Captain Paddack from Nantucket spent a long career at sea, first on whaling vessels but mainly on merchant ships sailing throughout the world, including around Cape Horn.
p. 3-4: Between this time and the day appointed for sailing, my mother had provided me with a sea-chest, well stocked with clothing, small stores, books, and such other matters as she thought necessary for my comfort.
p. 20-22, Sunday, August 1, 1847: …some captains are so conscientious that they will not lower for whales on Sunday. The men occupy their time in reading, smoking, and mending their clothes. If the weather is pleasant, they bring their work and their books on deck, and sit down upon the forecastle and windlass. This is the only day on which these privileges are allowed them.
p. 47, Abington Island enroute to Galapagos: December 14…. This day was spent like all Sundays at sea. The decks were washed down, the rigging all coiled up, and everything put in order. The men were all dressed up in their clean clothes, and occupied themselves in reading, mending their clothes, smoking, etc.
p. 86-87, a burial at sea after a whale kills a sailor by smashing the whaleboat: After the crew assembled, Captain Hussey commenced the reading of the service of the Episcopal Church. There was a moment’s pause as he came to the sentence, “We now commit his body to the deep.” It was read, a deep splash was heard, and the body of our poor shipmate sank beneath the blue wave, there to rest until the sea shall give up its dead….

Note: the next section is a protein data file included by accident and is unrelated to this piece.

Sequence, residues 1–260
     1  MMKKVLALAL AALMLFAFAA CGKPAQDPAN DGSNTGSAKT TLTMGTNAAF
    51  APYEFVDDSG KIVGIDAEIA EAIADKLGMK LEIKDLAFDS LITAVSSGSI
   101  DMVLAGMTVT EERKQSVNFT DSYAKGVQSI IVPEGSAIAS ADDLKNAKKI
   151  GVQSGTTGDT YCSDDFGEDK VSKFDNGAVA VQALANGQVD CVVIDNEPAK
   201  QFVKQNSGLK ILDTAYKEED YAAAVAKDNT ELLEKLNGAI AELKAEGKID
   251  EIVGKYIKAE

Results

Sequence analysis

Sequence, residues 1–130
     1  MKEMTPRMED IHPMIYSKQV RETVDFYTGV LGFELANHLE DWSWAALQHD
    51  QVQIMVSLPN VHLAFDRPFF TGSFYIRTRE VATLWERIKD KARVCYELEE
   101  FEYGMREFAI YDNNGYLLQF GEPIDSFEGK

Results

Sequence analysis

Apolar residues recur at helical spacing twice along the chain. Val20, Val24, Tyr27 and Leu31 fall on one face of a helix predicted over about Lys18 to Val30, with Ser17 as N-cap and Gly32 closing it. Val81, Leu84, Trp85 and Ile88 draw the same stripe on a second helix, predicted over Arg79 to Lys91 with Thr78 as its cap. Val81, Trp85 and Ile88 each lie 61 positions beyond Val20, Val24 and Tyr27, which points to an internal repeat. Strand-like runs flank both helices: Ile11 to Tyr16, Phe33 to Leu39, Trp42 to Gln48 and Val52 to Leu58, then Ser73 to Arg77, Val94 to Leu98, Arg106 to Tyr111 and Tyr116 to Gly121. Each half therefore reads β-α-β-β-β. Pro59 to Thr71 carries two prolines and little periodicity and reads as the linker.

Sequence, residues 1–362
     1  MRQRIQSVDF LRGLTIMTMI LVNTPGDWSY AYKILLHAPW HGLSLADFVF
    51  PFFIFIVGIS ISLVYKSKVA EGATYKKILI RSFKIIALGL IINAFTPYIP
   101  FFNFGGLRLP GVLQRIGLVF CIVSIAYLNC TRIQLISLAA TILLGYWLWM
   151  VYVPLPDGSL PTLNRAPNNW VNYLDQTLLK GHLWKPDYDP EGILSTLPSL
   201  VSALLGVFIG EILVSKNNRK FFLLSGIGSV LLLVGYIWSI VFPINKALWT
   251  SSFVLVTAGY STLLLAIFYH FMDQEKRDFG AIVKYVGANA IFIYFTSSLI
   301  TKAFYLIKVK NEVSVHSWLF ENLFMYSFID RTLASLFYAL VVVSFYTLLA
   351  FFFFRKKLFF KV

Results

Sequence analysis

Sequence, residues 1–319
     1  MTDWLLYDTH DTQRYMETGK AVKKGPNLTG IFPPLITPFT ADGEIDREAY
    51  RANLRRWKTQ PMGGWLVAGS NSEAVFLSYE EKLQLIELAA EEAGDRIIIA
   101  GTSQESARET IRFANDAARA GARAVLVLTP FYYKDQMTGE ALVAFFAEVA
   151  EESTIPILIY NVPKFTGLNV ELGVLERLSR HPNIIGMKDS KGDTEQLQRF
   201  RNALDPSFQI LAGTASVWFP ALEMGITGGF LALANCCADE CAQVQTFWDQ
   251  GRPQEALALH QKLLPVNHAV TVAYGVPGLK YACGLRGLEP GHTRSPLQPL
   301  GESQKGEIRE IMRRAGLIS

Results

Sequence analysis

p. 109, Sunday, October 3: A sailor is literally a jack-of-all-trades. On Sundays the men in the forecastle are at work, some making or mending shoes, some cutting out clothing, hats, and caps; some occupy their time in reading, while others are learning navigation, etc.
p. 129: During the preceding ten days nothing transpired of importance to interrupt the usual monotony resulting from a long spell of fair winds and good weather. But about ten o’clock this morning the cry was heard, “There she blows!”
p. 236: Porpoises and dolphins were continually darting across our bows. There is always something to be seen, and life is never monotonous.